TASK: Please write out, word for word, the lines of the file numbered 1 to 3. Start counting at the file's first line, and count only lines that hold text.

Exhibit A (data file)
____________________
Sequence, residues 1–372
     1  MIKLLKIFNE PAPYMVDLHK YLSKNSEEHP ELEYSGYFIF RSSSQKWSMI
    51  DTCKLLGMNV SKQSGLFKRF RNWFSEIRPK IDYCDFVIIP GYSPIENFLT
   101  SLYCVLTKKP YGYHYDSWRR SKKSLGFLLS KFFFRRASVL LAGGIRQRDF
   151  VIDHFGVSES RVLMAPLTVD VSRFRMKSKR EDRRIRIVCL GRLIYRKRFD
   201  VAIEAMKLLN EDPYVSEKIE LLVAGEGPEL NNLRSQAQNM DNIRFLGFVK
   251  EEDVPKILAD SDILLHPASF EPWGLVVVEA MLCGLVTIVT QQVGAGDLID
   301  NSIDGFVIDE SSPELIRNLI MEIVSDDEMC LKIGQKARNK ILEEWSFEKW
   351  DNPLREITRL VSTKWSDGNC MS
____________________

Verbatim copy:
Sequence, residues 1–372
     1  MIKLLKIFNE PAPYMVDLHK YLSKNSEEHP ELEYSGYFIF RSSSQKWSMI
    51  DTCKLLGMNV SKQSGLFKRF RNWFSEIRPK IDYCDFVIIP GYSPIENFLT